Monday 11 June 2012

Anime REVIEW: Mawaru-Penguindrum

While many anime series that seemingly take their influence from a vivid acid trip, those that actually rank highly in terms of quality are less easy to come by. But every so often one comes along and pushes the boundaries of quality, even if it may divide fan opinion in the process. From co-writer/director Kunihiko Ikuhara (creator of Revolutionary Girl Utena and director for many episodes of the Sailor Moon anime series) and animation studio Brain's Base (Durarara!!, Baccano!), Mawaru-Penguindrum is a surreal psychological journey that is just as dramatic and it is comedic. Originally released between July and December 2011, the series ran for a total of 24 episodes. 

Brothers Shouma and Kanba Takakura live alone with their younger sister Himari in a small multi-coloured house. Their parents have been missing for years and Himari is terminally ill, yet the three live a happy life. But a trip to the aquarium leads to disaster one day when Himari collapses, and subsequently pronounced dead when she reaches the hospital.

As the brothers mourn by her bedside, she miraculously awakens wearing a penguin shaped hat she had bought as a souvenir at the Aquarium. Initiating a "survival strategy", the hat-possessed Himari (known as the Princess of the Crystal) demands that the two brothers seek out an item known as the Penguindrum in exchange for her sister's life. To aid them in their quest, they are presented with three strange penguins.

The Princess of the Crystal

At times Penguindrum's story can be hard to follow. The opening episodes suggest a surreal, but somewhat light-hearted story to come, but the overarching narrative is anything but that. Dealing with topics such as nihilism, rape, rejection, fate and more literary symbolism than you'd care to believe, it's not the light viewing that the Princess of the Crystal's attire may have you to believe. Despite its seemingly wide range of topics, the show never becomes too lost in itself - giving each idea time to expand nicely before homing in on the key issues before the curtain closes. Packed with meaning, this is anime that will leave you with food for thought after viewing has ceased.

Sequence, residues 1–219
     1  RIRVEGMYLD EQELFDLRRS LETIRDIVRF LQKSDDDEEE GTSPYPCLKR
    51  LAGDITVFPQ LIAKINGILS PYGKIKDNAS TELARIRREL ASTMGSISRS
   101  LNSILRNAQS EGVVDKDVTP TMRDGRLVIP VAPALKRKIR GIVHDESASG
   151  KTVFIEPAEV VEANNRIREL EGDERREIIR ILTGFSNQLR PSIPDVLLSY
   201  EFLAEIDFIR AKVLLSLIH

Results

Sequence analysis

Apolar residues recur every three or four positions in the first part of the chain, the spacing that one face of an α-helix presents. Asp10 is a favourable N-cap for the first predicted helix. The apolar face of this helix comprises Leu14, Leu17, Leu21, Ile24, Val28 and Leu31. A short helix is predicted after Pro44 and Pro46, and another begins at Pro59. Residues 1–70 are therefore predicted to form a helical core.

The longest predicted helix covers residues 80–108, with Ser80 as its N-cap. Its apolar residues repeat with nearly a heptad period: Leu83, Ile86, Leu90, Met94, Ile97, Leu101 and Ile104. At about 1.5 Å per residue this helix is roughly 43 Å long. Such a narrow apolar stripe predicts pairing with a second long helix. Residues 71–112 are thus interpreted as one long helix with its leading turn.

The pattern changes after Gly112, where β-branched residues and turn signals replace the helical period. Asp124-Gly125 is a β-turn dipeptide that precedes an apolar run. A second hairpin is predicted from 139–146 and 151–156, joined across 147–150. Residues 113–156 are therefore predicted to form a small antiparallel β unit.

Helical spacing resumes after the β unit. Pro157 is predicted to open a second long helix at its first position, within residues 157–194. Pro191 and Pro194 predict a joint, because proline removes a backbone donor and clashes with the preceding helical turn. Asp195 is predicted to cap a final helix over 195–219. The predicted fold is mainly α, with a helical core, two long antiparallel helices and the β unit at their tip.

Brothers Shouma and Kanba, confused at recent developments

Its structure seems equally erratic, constantly switching between present time, flashbacks and flash-forwards.  However all these different plot devices come at the right times, providing much needed exposition and insight into the characters. Everything is carefully planned, with ample amounts of foreshadowing preceding each and every plot twist (of which there are plenty - at least one every episode). Sometimes it'll be clear what's about to happen, some will smack you right in the face. However most of the twists will come as a complete surprise, only for you to realise that they've been dangled all the needed information right in front of you the whole time.

Masako Natsume: One of the many characters whose goals are not quite clear

The characters are all wholly unique from each other, displaying very different personalities but all victims of some sort of childhood trauma and intertwined via fate. Brothers Shouma and Kanba have very different ideals on how to save their sister's life, but both clearly care for her. All three of the Takakura family, along with the show's extended cast, are painted in multiple lights throughout the course of the narrative, making them feel more natural as characters as you dislike them in some situations as well as sympathise with them. The penguins provide some fantastic background comedy, which is not only a often-much needed lighter element to the show but often relates back to the story at hand.

The penguins' antics often steal the show

To complement the surreal narrative that Ikuhara has created, the art direction is a psychedelic masterpiece. As well as cartoon penguins and animal-hatted dominatrix princesses, Mawaru-Penguindrum's visuals often leave you wondering what's a dream and what is reality. Take the Princess of the Crystal's entrance, a vibrant, colourful, star-gazing rollercoaster ride set to a cover of 70/80s Japanese rock band ARB's "Rock Over Japan" which makes little sense in context as it does out of. There are also fairytale-esque daydream sequences (including 2D "cardboard cutout" characters), neon-lit corridors and a heavy focus on train lines. Sometimes maybe a bit too ambitious, but always distinct.

An example of one of Penguindrum's more surreal moments

Mawaru-Penguindrum is both an oddity and a triumph wrapped in one. Effortless drifting between both comedy and serious themes, not one character in the show can be taken on face value and the plot will leave you guessing right up to the very end (and maybe sometime afterwards too). While the show might not be quite what you were expecting, its undoubtedly one of the finest anime series of recent years.

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